Observations On Criminal Tax Investigations

In order to successfully prosecute a tax crime the Government must have at hand proof of a certain quality. It has to be certain that it can establish the existence, beyond a reasonable doubt, of each of the "elements" of the crime it has charged as having been committed. Facts established during a criminal tax investigation become the basis upon which the Internal Revenue Service may recommend to the Department of Justice that it proceed to prosecute a taxpayer for the commission of a tax crime. Until the case is referred to the Department of Justice, the case is not considered to be in the hands of "the Government" for a criminal offense.

There are fine distinctions that often prevent a case from proceeding to the point of a criminal prosecution recommendation out of the Criminal Investigation Division of the Internal Revenue Service to its own Office of Chief Counsel, and from there to the Department of Justice, Tax Division. The law supports the notion that the IRS still has a "civil purpose" towards a taxpayer under criminal investigation. In this context, the Internal Revenue Service as an agency of government clearly has the edge in virtually every criminal investigation. It has a right to demand all evidence in the possession of the taxpayer or third parties. The courts have indeed swept away any defenses to production of books, records, writings, statements to third parties, work product of accountants and/or other advisors, whether in connection with the preparation of tax returns or otherwise. The only protections remaining during a criminal investigation are those protecting most confidential communications to one's attorney under the attorney-client privilege and the protection couched in terms of the government not being able to coerce self-incriminating statements from the taxpayer's own lips.

In the area of summons enforcement, the Internal Revenue Service as an agency of "the Government" has the edge in tax investigations. Since virtually nothing in the nature of a book or record or third party document that is "relevant" to a tax investigation can escape the reach of the IRS during a criminal investigation, virtually everything is discoverable to make the determination whether the evidence supports proof beyond a reasonable doubt of a tax crime. The United States Supreme Court has recognized that the IRS is an institution committed to determine the tax liability of taxpayers. Moreover, as stated above, it has held that a criminal investigation in contemplation of law always has a civil purpose until referred to the Department of Justice with a recommendation for criminal prosecution. LaSalle National Bank, 437 U.S. 298 (1978). Even where an IRS Special Agent represents to a taxpayer under investigation that on such-and-such a ground the agent has proof beyond a reasonable doubt of the commission of tax crimes, the line between civil and criminal has not been crossed.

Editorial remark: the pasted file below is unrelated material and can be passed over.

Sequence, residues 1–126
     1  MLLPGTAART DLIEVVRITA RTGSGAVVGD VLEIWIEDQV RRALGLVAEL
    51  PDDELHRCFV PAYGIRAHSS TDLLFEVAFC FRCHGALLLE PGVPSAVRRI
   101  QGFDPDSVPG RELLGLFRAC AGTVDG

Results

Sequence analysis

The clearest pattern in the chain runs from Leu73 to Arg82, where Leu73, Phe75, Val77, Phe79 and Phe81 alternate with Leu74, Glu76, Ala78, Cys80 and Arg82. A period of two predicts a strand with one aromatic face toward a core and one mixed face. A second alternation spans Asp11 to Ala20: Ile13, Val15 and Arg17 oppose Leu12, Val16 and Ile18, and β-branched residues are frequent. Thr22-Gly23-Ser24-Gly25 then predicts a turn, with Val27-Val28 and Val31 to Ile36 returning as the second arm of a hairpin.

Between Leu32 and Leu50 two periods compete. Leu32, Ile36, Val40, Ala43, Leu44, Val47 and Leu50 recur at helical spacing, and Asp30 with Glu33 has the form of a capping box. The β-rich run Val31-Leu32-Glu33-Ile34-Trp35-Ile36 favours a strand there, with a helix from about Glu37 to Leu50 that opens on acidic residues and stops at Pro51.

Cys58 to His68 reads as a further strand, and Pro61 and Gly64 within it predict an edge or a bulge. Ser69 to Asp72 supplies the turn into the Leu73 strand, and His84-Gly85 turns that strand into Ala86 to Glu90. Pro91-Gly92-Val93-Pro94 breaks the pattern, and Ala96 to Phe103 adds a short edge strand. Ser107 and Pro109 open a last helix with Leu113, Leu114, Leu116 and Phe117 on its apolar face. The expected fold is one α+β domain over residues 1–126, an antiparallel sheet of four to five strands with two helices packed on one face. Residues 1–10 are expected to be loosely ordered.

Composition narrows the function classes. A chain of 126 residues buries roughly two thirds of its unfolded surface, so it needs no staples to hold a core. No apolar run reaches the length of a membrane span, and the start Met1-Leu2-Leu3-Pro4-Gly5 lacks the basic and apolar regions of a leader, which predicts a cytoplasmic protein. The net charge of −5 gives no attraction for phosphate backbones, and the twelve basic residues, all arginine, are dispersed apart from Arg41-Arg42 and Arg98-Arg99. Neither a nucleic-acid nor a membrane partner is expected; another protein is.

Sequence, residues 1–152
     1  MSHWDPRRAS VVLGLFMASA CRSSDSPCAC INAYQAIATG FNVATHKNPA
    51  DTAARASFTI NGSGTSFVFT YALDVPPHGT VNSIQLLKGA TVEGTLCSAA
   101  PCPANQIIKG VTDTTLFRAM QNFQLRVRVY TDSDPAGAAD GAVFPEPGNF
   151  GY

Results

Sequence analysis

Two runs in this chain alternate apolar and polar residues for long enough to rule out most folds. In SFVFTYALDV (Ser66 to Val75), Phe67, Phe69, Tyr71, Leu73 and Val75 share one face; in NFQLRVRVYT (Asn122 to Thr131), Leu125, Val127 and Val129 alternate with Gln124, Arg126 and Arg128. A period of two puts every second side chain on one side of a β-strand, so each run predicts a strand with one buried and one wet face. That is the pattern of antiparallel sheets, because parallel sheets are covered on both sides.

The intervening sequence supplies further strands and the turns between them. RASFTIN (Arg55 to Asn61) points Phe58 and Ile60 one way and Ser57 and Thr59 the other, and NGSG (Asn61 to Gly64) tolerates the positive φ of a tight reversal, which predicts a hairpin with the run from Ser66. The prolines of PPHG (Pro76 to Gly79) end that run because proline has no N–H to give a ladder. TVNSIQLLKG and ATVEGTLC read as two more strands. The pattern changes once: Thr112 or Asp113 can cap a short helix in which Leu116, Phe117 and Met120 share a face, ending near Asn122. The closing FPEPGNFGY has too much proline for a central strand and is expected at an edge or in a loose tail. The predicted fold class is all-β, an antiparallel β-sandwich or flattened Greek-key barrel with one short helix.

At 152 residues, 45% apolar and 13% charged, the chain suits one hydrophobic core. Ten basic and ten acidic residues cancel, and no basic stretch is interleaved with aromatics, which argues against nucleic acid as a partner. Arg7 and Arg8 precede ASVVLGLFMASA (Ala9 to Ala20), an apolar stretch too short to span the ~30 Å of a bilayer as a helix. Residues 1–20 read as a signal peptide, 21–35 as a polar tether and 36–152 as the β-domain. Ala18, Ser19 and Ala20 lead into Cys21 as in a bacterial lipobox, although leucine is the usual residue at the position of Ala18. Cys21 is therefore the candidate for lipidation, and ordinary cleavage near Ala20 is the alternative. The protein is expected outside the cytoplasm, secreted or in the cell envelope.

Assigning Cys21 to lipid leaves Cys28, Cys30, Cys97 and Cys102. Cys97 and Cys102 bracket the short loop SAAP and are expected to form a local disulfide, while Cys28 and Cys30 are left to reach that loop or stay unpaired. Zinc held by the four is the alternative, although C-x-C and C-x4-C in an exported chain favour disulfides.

Current IRS procedure allows the Criminal Investigation Division the final say on whether a case recommended for prosecution, even though the IRS's Office of Chief Counsel has given its opinion against that recommendation. This procedure was not in force at the time that the Supreme Court enunciated the rule that a tax case was a civil case at all times before it had been referred for prosecution. At the time that the Supreme Court enunciated that rule, IRS Chief Counsel had to approve a recommendation for prosecution before a case would be forwarded to the Department of Justice for prosecution. However, even the, the Criminal Investigation Division could prevail upon the Department of Justice to accept a case. The Department of Justice in any case, now as then, can refuse to support the recommendation and send the case back to the Internal Revenue Service for civil disposition.

Theodore L. Craft